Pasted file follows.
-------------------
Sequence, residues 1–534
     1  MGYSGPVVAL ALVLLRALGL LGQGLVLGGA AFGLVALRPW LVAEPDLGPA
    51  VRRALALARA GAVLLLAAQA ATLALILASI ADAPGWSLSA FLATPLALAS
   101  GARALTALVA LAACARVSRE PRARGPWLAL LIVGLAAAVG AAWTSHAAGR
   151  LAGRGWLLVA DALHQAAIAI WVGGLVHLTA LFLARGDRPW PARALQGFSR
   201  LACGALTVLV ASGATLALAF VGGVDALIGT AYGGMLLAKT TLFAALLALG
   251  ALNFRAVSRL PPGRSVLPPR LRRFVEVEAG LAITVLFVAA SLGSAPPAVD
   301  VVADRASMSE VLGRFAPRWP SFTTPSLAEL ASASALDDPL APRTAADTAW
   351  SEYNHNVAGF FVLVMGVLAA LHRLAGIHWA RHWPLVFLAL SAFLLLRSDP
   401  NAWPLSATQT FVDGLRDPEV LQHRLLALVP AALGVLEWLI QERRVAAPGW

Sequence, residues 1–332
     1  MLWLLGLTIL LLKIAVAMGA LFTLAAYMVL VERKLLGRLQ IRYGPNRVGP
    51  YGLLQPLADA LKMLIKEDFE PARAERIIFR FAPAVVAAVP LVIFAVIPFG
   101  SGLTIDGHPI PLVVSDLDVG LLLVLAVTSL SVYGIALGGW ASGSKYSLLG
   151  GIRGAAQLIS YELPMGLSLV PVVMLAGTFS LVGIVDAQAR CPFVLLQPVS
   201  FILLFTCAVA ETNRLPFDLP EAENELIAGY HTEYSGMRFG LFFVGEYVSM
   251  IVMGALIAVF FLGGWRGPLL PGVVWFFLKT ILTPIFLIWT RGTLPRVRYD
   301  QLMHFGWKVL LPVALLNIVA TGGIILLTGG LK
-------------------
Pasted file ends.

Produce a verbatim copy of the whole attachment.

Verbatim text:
Sequence, residues 1–534
     1  MGYSGPVVAL ALVLLRALGL LGQGLVLGGA AFGLVALRPW LVAEPDLGPA
    51  VRRALALARA GAVLLLAAQA ATLALILASI ADAPGWSLSA FLATPLALAS
   101  GARALTALVA LAACARVSRE PRARGPWLAL LIVGLAAAVG AAWTSHAAGR
   151  LAGRGWLLVA DALHQAAIAI WVGGLVHLTA LFLARGDRPW PARALQGFSR
   201  LACGALTVLV ASGATLALAF VGGVDALIGT AYGGMLLAKT TLFAALLALG
   251  ALNFRAVSRL PPGRSVLPPR LRRFVEVEAG LAITVLFVAA SLGSAPPAVD
   301  VVADRASMSE VLGRFAPRWP SFTTPSLAEL ASASALDDPL APRTAADTAW
   351  SEYNHNVAGF FVLVMGVLAA LHRLAGIHWA RHWPLVFLAL SAFLLLRSDP
   401  NAWPLSATQT FVDGLRDPEV LQHRLLALVP AALGVLEWLI QERRVAAPGW

Sequence, residues 1–332
     1  MLWLLGLTIL LLKIAVAMGA LFTLAAYMVL VERKLLGRLQ IRYGPNRVGP
    51  YGLLQPLADA LKMLIKEDFE PARAERIIFR FAPAVVAAVP LVIFAVIPFG
   101  SGLTIDGHPI PLVVSDLDVG LLLVLAVTSL SVYGIALGGW ASGSKYSLLG
   151  GIRGAAQLIS YELPMGLSLV PVVMLAGTFS LVGIVDAQAR CPFVLLQPVS
   201  FILLFTCAVA ETNRLPFDLP EAENELIAGY HTEYSGMRFG LFFVGEYVSM
   251  IVMGALIAVF FLGGWRGPLL PGVVWFFLKT ILTPIFLIWT RGTLPRVRYD
   301  QLMHFGWKVL LPVALLNIVA TGGIILLTGG LK